TodoItem

Attribute Type
id String
complete Boolean
text String
ms_version String

MS_TableOperations

Attribute Type
id Integer 64
properties Binary Data
itemId String
table String

MS_TableOperationErrors

Attribute Type
id String
properties Binary Data

Save the model, and build the project to make sure that everything is fine. As before, we're just setting up the application to work with Core Data, but we haven't started using it yet.

From table to sync table

And let's start caching some data offline! There are a few things we'll need to change. First, instead of using the regular `MSTable` class to access the mobile service, we'll use a different class now: `MSSyncTable`. A sync table is basically a local table which "knows" how to push changes made locally to the "remote" table, and pull items from that table locally. We'll also need to initialize the *synchronization context* in the `MSClient` (a new property) with the data source that we choose (in our case, the Core Data-based store implementation as I mentioned before). Let's start. In the implementation for the QSTodoService class, remove the private property `table`, and add the following property for the sync table:

@property (nonatomic, strong) MSSyncTable *syncTable;

Now, in the initializer for the QSTodoService class, remove the line that creates the MSTable object and replace it with the following lines (you'll also need to `#include "QSAppDelegate.h"`):

QSAppDelegate *delegate = (QSAppDelegate *)[[UIApplication sharedApplication] delegate];
NSManagedObjectContext *context = delegate.managedObjectContext;
MSCoreDataStore *store = [[MSCoreDataStore alloc] initWithManagedObjectContext:context];

self.client.syncContext = [[MSSyncContext alloc] initWithDelegate:nil dataSource:store callback:nil];

// Create an MSSyncTable instance to allow us to work with the TodoItem table
self.syncTable = [self.client syncTableWithName:@"TodoItem"];

Before we can start using the offline feature, we need to initialize the sync context of the client. The context is responsible for tracking which items have been changed locally, and sending those to the server when a push operation is started. To initialize the context we need a data source (for which we can use the `MSCoreDataStore` implementation of the protocol), and an optional `MSSyncContextDelegate` implementation. For now we can pass `nil`, but we'll get back to it when talking about conflicts.

We now need to update the operations in the `QSTodoService` class to use the sync table instead of the (regular / remote) table. First, the `refreshDataOnSuccess`, which retrieves the data from the service. This time, we'll first ask the sync table to pull any items which match our criteria, then we'll load the data from the *local* (sync) table into the `items` property of the service.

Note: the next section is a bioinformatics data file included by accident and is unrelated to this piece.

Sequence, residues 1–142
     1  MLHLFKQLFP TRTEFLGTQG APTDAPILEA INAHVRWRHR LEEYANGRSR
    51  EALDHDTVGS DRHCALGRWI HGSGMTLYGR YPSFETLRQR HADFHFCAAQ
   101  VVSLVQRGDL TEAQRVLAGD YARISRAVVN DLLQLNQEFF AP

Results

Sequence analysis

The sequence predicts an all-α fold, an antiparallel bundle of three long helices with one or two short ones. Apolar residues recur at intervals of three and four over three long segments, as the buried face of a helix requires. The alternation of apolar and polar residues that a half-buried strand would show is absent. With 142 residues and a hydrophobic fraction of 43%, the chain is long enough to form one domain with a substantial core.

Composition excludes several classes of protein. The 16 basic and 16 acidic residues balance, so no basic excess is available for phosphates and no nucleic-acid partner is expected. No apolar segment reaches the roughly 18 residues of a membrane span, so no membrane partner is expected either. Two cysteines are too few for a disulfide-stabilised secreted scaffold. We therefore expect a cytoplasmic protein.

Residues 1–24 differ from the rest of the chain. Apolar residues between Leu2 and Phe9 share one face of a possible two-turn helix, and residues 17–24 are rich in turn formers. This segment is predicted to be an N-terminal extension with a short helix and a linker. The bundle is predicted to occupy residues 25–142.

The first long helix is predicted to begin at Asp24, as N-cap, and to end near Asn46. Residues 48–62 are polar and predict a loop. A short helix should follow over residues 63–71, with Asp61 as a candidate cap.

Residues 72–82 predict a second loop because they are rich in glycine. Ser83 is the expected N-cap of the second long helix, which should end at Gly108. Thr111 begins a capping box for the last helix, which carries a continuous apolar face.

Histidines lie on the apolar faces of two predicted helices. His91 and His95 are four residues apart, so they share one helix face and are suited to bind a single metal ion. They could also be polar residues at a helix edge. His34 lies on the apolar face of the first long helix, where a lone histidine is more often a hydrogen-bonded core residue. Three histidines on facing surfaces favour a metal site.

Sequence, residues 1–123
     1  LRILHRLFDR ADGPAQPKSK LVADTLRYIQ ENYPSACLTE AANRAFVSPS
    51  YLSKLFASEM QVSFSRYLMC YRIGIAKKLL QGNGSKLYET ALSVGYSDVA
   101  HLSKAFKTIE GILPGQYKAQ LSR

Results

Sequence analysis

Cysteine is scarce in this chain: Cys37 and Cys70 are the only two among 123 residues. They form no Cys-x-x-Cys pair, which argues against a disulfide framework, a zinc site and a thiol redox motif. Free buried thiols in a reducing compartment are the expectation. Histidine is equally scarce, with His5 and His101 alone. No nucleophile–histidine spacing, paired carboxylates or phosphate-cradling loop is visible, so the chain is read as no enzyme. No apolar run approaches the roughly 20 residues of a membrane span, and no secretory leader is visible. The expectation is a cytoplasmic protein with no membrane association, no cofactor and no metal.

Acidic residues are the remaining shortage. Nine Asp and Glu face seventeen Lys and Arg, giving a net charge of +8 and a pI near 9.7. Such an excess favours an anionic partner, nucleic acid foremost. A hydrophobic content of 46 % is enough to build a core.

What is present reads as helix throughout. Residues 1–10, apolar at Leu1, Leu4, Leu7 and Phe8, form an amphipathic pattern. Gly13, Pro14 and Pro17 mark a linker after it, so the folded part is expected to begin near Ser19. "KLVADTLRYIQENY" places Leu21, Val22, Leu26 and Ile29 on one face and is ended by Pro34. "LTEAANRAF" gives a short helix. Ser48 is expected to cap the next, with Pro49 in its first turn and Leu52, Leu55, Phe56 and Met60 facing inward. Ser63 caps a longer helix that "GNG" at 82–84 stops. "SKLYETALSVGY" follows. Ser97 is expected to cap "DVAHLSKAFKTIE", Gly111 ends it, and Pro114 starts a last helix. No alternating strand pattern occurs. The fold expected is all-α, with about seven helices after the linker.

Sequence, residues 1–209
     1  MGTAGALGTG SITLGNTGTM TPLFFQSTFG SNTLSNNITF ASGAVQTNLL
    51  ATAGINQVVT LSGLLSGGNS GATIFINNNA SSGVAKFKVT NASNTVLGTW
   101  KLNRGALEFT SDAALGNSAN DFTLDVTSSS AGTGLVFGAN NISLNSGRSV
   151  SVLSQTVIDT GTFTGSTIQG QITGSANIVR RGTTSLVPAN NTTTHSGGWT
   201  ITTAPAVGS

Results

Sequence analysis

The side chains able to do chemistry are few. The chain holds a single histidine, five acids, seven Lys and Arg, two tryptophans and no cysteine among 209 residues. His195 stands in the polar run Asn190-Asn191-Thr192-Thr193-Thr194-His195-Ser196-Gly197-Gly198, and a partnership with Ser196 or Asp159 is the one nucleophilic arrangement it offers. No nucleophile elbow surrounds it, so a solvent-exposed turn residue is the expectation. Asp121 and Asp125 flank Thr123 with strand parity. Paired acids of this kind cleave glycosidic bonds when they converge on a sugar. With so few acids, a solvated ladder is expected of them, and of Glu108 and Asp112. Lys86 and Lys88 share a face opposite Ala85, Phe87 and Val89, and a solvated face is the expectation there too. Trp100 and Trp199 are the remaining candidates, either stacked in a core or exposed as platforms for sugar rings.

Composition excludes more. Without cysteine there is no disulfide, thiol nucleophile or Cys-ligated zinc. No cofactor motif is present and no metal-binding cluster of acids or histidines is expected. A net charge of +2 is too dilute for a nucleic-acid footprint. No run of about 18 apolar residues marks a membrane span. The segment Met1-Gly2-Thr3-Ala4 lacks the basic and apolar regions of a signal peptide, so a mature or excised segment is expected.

- (void)refreshDataOnSuccess:(QSCompletionBlock)completion
{
    // Create a predicate that finds items where complete is false
    NSPredicate * predicate = [NSPredicate predicateWithFormat:@"complete == NO"];

    MSQuery *query = [self.syncTable queryWithPredicate:predicate];

    // Pulls data from the remote server into the local table. We're only
    // pulling the items which we want to display (complete == NO).
    [self.syncTable pullWithQuery:query completion:^(NSError *error) {
        [self logErrorIfNotNil:error];

        [self loadLocalDataWithCompletion:completion];
    }];
}

- (void) loadLocalDataWithCompletion:(QSCompletionBlock)completion
{
    NSPredicate * predicate = [NSPredicate predicateWithFormat:@"complete == NO"];
    MSQuery *query = [self.syncTable queryWithPredicate:predicate];

    [query orderByAscending:@"text"];
    [query readWithCompletion:^(NSArray *results, NSInteger totalCount, NSError *error) {
        [self logErrorIfNotNil:error];

        items = [results mutableCopy];

        // Let the caller know that we finished
        dispatch_async(dispatch_get_main_queue(), ^{
            completion();
        });
    }];
}

For inserts, we only insert into the sync table. That operation will then be *queued* so that until we push the changes to the remote service, it will only be visible to the client where it was performed.

-(void)addItem:(NSDictionary *)item completion:(QSCompletionWithIndexBlock)completion
{
    // Insert the item into the TodoItem table and add to the items array on completion
    [self.syncTable insert:item completion:^(NSDictionary *result, NSError *error)
     {
         [self logErrorIfNotNil:error];

         NSUInteger index = [items count];
         [(NSMutableArray *)items insertObject:result atIndex:index];

         // Let the caller know that we finished
         dispatch_async(dispatch_get_main_queue(), ^{
             completion(index);
         });
     }];
}

A similar change for the update operation. One minor difference is that for `MSTable` update operations, the completion block returns the updated item, since a script (or controller action) in the server can modify the item being updated, and we want that modification to be reflected on the client. For local tables, the updated items are not modified, so the completion block doesn't have a parameter for that updated item.